An Interview with Amber Belldene

Please help me welcome Amber Belldene to my blog today. Amber is giving away an ebook of her book, Bloodvine, to be delivered to one of you after it’s release date of January 8th. Be sure and leave her a comment to be entered into the contest.

Cynthia, thank you so much for having me on your blog today! I look forward to giving away an e-copy of my novel debut Blood Vine to one of your commenters.

BloodVine_Cover_Final-2_2How did you get started writing?

Ooh. I love this question because it is such a ridiculous story. When I was pregnant with my twins I had to go on maternity leave early, and I ended up reading non-stop. I consumed more than one romance novel a day before the kids were born—hundreds of them. Sexy and romantic books were my pickles and ice cream! In the back of my mind, I began to ask myself if I could write one too. I became very analytical about what made a good plot or series. And then, one day, I got an idea and ran with it. It became Blood Vine—my debut novel, which will be released January 8th.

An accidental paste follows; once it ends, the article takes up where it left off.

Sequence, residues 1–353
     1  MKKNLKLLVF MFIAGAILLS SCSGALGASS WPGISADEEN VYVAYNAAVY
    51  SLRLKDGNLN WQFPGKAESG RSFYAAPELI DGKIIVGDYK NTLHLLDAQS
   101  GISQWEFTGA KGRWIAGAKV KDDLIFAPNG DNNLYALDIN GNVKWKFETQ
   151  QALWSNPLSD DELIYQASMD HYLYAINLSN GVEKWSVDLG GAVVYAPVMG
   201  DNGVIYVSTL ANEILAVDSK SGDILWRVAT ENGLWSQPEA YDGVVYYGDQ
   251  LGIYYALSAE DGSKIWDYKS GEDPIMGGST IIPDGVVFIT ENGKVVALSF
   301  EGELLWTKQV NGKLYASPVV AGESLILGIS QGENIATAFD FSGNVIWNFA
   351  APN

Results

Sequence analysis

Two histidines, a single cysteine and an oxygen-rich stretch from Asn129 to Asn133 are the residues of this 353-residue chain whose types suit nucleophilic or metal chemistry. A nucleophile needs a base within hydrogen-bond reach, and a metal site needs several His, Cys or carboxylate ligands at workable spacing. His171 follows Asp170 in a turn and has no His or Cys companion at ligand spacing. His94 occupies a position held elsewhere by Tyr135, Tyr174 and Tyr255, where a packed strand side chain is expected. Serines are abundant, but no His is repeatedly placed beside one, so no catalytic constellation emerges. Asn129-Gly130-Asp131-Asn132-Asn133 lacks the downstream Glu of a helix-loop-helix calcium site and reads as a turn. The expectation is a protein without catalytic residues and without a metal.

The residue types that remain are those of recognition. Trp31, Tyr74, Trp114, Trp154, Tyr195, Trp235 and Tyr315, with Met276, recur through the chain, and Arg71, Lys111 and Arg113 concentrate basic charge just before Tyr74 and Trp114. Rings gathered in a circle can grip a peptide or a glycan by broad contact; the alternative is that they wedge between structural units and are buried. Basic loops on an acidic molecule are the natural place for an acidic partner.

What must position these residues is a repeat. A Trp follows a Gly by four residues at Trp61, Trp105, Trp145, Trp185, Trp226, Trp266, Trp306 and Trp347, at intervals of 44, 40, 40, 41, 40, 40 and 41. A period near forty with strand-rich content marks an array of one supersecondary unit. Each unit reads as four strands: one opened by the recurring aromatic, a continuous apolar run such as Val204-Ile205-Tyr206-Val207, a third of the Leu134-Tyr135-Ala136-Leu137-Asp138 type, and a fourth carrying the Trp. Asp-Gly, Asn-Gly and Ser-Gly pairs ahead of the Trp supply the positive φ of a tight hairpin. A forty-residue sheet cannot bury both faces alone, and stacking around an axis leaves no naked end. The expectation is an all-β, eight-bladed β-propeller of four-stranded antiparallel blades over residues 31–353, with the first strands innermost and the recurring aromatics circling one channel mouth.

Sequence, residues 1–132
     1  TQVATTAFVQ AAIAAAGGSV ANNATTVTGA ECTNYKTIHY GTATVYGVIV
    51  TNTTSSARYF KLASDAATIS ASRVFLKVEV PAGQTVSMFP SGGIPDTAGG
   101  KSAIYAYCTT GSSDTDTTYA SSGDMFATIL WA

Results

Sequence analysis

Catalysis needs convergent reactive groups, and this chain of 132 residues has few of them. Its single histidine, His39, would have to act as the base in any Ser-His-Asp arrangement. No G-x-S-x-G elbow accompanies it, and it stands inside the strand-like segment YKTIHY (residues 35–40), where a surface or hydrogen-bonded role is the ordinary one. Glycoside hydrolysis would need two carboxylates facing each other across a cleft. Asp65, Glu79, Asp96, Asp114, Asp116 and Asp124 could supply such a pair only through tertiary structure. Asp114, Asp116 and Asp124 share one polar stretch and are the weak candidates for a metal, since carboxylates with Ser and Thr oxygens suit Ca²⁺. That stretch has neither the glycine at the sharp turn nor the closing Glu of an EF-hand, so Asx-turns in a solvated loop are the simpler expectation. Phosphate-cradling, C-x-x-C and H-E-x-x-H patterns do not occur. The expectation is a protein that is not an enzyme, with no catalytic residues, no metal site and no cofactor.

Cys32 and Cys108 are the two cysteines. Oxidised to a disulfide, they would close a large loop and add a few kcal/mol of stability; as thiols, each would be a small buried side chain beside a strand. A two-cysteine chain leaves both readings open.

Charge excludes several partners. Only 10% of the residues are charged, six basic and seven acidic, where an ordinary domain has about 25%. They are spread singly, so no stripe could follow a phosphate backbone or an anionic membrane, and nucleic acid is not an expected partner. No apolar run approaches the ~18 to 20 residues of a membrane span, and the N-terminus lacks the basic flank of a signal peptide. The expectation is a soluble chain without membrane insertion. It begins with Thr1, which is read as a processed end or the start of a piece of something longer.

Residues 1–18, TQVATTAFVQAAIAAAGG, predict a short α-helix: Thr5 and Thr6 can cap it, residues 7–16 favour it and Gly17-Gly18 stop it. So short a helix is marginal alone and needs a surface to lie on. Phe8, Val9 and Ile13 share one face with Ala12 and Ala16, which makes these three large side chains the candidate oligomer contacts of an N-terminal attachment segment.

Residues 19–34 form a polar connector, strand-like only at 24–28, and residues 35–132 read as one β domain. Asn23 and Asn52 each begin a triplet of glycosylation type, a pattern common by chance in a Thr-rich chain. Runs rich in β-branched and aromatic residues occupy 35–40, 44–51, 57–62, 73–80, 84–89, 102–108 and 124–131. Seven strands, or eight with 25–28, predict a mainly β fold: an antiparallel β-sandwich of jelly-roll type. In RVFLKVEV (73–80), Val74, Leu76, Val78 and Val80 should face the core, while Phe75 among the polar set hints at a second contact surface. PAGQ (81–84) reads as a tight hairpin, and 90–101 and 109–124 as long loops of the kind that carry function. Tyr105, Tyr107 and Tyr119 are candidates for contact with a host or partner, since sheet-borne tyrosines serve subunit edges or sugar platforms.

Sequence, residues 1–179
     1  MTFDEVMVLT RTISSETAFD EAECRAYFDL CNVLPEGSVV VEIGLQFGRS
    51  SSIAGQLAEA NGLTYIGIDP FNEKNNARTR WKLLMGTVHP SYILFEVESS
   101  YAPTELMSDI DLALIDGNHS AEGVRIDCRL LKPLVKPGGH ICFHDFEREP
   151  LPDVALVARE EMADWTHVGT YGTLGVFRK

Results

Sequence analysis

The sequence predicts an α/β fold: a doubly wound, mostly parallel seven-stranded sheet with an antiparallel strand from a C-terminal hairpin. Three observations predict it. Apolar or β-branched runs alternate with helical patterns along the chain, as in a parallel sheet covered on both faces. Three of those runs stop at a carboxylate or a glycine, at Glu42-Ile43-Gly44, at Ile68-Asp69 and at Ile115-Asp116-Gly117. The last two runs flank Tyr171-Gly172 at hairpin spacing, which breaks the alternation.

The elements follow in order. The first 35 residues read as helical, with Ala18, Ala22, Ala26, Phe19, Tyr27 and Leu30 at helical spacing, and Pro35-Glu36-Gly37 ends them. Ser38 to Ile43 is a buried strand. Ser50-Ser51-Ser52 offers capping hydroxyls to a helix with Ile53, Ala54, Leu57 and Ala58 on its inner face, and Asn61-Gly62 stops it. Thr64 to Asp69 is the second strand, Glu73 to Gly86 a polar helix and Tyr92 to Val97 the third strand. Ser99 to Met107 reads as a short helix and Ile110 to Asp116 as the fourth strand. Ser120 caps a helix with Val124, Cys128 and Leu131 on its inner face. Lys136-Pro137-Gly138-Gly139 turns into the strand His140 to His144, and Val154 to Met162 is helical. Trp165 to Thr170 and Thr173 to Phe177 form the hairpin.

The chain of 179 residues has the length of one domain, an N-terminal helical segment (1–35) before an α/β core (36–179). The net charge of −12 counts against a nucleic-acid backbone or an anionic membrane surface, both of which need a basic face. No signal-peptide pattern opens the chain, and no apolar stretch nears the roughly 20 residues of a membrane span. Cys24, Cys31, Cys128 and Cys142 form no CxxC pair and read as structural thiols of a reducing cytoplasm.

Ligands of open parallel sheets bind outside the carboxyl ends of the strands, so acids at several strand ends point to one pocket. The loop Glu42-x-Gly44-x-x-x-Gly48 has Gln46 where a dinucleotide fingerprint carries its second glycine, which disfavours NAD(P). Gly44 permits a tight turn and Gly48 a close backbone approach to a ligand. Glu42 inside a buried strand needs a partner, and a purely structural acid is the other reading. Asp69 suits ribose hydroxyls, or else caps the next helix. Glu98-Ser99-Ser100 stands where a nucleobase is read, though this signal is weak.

Why do you write under a pen name?

For a number of reasons. One is that my real name is a mouthful. The second is that my day job is as an Episcopal Priest. Personally, I don’t think there is anything un-Christian or irreligious about writing racy romances. I believe God made us for love, and that sex is one of the holiest expressions of love two people can get up to. I write in the romance genre because I believe in the hope and redemption that comes with happy endings. But, I do know that some church-goers might find my writing off-putting, and I want to honor those feelings by not being in their faces with my secondary avocation. And, to be honest, when I’m preaching, I’d rather them think about my sermons than my sex scenes.